Corynebacterium Actinomyces Other Gram Positive Rod Bacteria

■ Diphtheria bacteria are pleomorphic, club-shaped rod bacteria that often have polar bodies and group in V, Y, or palisade forms. They can be grown on enriched nutrient media. Their pathogenicity derives from diphtheria toxin, which binds to receptors of sensitive cells with the B fragment. Once the binding process is completed, the active A fragment invades the cell. This substance irreversibly blocks translation in the protein biosynthesis chain. The toxin gene is a component of the b prophage. Local and systemic intoxications are differentiated when evaluating the clinical picture. Local infection usually affects the tonsils, on which the diphtherial pseudomembrane develops. Systemic intoxications affect mainly the liver, kidneys, adrenal glands, cardiac muscle, and cranial nerves. Laboratory diagnosis is based on pathogen identification. The most important treatment is antitoxin therapy. Diphtheria occurs only in humans. Thanks to extensive diphtheria toxoid vaccination programs, it is now rare.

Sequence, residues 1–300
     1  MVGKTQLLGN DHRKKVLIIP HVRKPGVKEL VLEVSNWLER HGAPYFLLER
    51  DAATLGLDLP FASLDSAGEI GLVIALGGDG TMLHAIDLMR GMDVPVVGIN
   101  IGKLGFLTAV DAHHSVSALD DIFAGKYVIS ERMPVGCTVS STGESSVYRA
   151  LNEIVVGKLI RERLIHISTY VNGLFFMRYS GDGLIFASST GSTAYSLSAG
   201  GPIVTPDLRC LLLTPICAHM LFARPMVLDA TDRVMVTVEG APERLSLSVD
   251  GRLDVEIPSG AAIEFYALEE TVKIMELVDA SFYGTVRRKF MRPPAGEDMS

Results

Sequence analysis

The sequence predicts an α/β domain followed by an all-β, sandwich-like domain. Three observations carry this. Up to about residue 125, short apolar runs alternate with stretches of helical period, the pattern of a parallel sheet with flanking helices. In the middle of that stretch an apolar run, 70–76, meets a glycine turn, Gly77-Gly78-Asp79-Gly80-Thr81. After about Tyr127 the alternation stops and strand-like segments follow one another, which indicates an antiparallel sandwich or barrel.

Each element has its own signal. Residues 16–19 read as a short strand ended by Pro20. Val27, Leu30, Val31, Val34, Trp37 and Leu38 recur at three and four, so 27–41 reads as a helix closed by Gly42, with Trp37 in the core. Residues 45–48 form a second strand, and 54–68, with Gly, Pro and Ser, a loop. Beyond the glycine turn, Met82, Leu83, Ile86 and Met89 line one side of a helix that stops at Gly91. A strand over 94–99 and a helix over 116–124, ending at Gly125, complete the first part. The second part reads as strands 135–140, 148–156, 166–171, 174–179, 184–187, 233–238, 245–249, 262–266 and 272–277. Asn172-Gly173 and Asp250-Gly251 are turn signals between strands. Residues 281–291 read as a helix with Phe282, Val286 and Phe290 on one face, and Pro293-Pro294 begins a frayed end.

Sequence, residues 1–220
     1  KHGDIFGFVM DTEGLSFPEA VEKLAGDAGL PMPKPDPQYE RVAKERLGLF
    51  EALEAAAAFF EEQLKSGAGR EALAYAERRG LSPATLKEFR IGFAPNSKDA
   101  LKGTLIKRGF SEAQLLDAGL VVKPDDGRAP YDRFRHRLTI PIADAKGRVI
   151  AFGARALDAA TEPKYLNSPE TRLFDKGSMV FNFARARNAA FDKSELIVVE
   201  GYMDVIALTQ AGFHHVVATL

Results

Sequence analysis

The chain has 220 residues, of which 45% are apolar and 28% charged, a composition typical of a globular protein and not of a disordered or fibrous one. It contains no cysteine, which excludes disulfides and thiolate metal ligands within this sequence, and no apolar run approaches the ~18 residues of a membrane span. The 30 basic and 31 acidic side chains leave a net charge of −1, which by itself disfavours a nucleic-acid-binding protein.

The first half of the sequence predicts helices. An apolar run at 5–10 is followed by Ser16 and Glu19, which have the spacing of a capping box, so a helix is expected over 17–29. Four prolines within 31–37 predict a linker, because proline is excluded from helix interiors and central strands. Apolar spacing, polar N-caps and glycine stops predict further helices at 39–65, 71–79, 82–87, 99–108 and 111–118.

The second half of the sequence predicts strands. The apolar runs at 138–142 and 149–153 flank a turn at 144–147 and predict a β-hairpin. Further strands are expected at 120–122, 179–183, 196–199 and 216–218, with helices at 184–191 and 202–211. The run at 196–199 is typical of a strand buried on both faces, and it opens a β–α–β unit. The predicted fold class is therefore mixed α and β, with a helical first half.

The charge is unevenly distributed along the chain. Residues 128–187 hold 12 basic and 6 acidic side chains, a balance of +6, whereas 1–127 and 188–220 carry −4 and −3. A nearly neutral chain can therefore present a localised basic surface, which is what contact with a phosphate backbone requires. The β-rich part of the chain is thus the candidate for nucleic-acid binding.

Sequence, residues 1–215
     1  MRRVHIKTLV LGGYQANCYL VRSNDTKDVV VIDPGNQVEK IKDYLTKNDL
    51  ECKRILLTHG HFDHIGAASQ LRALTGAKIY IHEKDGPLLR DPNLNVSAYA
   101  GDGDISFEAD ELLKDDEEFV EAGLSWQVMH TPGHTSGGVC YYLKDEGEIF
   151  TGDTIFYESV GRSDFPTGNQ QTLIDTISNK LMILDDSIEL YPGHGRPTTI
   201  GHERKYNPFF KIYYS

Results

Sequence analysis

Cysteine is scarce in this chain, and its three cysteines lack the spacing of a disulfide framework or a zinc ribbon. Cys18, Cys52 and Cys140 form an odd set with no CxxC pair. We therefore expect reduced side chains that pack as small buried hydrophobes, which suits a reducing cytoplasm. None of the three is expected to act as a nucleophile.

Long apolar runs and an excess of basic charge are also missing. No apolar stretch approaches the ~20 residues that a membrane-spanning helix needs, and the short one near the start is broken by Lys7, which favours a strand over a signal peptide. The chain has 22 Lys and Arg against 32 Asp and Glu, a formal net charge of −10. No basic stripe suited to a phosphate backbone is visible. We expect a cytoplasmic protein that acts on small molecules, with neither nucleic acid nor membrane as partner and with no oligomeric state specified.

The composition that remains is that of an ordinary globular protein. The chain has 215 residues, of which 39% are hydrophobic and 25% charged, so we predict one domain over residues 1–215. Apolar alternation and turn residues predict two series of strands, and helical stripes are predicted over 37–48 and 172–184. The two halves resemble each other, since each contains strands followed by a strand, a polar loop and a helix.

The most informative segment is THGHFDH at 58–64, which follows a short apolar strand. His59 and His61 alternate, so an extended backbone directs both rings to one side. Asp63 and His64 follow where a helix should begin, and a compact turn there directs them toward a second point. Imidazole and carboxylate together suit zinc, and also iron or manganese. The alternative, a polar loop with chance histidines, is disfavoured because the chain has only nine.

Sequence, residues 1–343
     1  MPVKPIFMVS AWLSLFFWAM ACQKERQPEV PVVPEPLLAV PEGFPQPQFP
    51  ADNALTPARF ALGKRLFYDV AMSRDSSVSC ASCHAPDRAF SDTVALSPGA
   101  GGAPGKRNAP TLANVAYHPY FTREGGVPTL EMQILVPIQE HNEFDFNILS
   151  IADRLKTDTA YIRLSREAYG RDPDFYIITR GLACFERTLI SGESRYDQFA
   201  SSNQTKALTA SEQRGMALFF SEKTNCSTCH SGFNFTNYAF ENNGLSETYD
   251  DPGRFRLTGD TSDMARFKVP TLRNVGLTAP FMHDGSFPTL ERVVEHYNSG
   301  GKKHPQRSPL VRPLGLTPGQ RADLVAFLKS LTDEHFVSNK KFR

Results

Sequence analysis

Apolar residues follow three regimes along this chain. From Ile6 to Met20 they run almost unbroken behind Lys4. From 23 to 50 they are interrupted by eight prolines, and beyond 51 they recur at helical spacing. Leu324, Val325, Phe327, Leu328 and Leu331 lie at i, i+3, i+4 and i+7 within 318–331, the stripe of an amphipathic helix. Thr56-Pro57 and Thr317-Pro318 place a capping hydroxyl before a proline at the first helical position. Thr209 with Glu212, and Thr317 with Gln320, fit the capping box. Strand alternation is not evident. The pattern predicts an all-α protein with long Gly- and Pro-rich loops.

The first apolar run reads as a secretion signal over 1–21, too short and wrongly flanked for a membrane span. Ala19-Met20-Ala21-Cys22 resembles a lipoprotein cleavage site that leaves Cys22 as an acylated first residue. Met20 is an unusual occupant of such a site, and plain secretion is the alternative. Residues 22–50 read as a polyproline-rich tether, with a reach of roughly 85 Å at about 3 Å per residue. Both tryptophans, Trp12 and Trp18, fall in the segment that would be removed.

Actinomycetes are part of the normal mucosal flora. These are Gram-positive rods that often occur in the form of branched filaments in young cultures. Conglomerates of microcolonies in pus form so-called sulfur granules. Actinomycetes are obligate anaerobes. The pathogens enter body tissues through mucosa defects. Monoinfections are rare, the most frequent case being actinomycetes-dominated endogenous polyinfections. Cervicofacial actinomycosis, caused by oral cavity colonizer A. israelii, is the most frequent form of actinomycosis. Treatment includes surgical procedures and antibiosis with aminopenicillins. ■

The group of Gram-positive, irregular (pleomorphic), nonsporing rod bacteria includes many different genera that are normal components of the skin and mucosal flora (Table 4.3, p. 261). Pathogens in this group cause two characteristic diseases: diphtheria, caused by Corynebacterium diphtheriae and actinomycosis, caused mainly by Actinomyces israelii.

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